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Clayton-Bulwer Treaty, banana cultivation, Panama Railroad, British Honduras, Central American countries

England, by this time, had replaced Spain as the dominant external force in the region. The British settlement at Belize had grown from a buccaneering and logging camp in the 17th century to become the principal port of Central America’s foreign trade. British influence extended along the Caribbean coast as far as Panama, and in 1862, Belize officially became a British colony (British Honduras). United States interest, however, rivaled British interest after 1849, for the isthmus offered the quickest routes to the gold mines of California. The Clayton-Bulwer Treaty of 1850 resolved some areas of this Anglo-American conflict, but in 1855 William Walker, a U.S. soldier of fortune, invaded Nicaragua with an army of followers. A united Central American conservative army drove him out with British assistance in 1857. Meanwhile, the completion of the Panama Railroad in 1855 caused Central American commerce to shift away from Belize to the more accessible Pacific coast ports, and British influence receded thereafter.

After 1870 liberal dictatorships arose which, in the name of order and progress, promoted the development of coffee as the region’s main export; at the expense of a more diversified agriculture, banana cultivation, mostly controlled by foreign interests, also became important. After 1900, the U.S.-based United Fruit Company was a major force in Central America’s economy. Developing railroads, shipping, and other subsidiary interests, the company was known as the “Octopus” among resentful Central Americans. U.S. investment and government became the dominant force on the isthmus, beginning with the establishment of Panamanian independence in 1903. The United States helped form the Central American Court of Justice, but U.S. military occupation of Nicaragua from 1912 to 1933 undermined its effectiveness.

Economic growth in the 20th century produced new middle classes that began to challenge the continued rule of traditional elites. Beginning in Costa Rica, reformist and revolutionary parties had emerged in every country by the middle of the century.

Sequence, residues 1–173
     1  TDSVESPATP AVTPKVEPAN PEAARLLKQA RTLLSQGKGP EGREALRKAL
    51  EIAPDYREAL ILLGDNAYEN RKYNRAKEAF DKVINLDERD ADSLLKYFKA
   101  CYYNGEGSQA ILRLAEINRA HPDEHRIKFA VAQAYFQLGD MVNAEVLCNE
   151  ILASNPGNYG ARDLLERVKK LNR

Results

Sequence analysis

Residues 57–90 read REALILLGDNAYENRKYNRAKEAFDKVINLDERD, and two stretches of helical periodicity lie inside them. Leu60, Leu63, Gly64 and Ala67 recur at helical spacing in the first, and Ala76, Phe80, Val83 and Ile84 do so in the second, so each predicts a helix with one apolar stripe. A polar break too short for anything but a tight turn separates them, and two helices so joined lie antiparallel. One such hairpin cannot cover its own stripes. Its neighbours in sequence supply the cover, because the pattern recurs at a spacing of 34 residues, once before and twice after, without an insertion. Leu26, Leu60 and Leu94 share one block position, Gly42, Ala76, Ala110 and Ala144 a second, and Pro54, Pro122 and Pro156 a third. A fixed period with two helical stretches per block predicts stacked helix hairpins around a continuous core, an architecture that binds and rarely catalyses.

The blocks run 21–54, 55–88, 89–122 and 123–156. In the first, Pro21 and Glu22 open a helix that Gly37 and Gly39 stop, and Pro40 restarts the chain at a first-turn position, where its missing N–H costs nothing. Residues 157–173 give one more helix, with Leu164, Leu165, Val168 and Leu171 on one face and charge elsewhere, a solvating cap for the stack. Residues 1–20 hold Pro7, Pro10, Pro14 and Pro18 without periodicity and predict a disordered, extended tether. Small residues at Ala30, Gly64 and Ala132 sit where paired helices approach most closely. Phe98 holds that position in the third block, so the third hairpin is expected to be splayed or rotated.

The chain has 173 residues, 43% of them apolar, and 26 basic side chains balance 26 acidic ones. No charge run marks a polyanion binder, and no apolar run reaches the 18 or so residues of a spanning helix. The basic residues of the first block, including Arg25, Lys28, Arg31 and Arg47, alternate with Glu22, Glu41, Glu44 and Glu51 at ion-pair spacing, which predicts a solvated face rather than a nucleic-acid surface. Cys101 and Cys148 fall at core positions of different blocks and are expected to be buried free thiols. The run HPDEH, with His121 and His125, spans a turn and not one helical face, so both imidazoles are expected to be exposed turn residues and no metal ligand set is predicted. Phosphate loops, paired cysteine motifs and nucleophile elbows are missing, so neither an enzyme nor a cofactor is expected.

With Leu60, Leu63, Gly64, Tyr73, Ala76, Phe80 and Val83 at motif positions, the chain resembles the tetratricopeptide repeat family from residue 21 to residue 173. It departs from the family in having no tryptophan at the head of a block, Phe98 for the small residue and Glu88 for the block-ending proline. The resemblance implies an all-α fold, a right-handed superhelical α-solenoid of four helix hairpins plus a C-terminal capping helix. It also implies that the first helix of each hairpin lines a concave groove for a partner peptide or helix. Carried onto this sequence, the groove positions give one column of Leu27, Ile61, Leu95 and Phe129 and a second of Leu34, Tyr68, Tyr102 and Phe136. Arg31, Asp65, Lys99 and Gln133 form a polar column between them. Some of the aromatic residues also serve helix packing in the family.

The second half of the 20th century has seen persistent poverty, political instability and social injustice in many of the Central American republics still undergoing modernization. In Nicaragua, the Sandinista guerrilla movement overthrew the Somoza dynasty in 1978 and 1979. The United States then became involved in a major effort to support the counter-revolutionary (“contra”) forces against the leftist Sandinista government, leading to many deaths and great suffering on both sides. El Salvador’s people and economy were ravaged by civil war through the 1980s. Guatemala witnessed 36 years of fighting between alleged left-wing groups and a repressive military. Thousands of people were killed and hundreds of thousands migrated to escape this conflict, which ended with the signing of a peace agreement in December 1996. Political repression and corruption in Panama prompted the United States to intervene in 1989 to remove Panamanian leader Manuel Noriega, who was allegedly connected to Colombian drug cartels.

One of the most significant problems confronting all Central American countries is the difficulty of bringing about significant socioeconomic development without affecting the democratic rights of their populations. Given its geostrategic significance (especially because of the Panama Canal and U.S. military bases, which reverted to Panamanian control in 1999), Central America is inevitably a key zone for U.S. foreign policy. In the past, political stability has often been allowed to outweigh democratic and human rights. With the formation of new hemisphere-wide trading blocks, Central America may find itself once again left behind in the competitive Latin American struggle to achieve true development.

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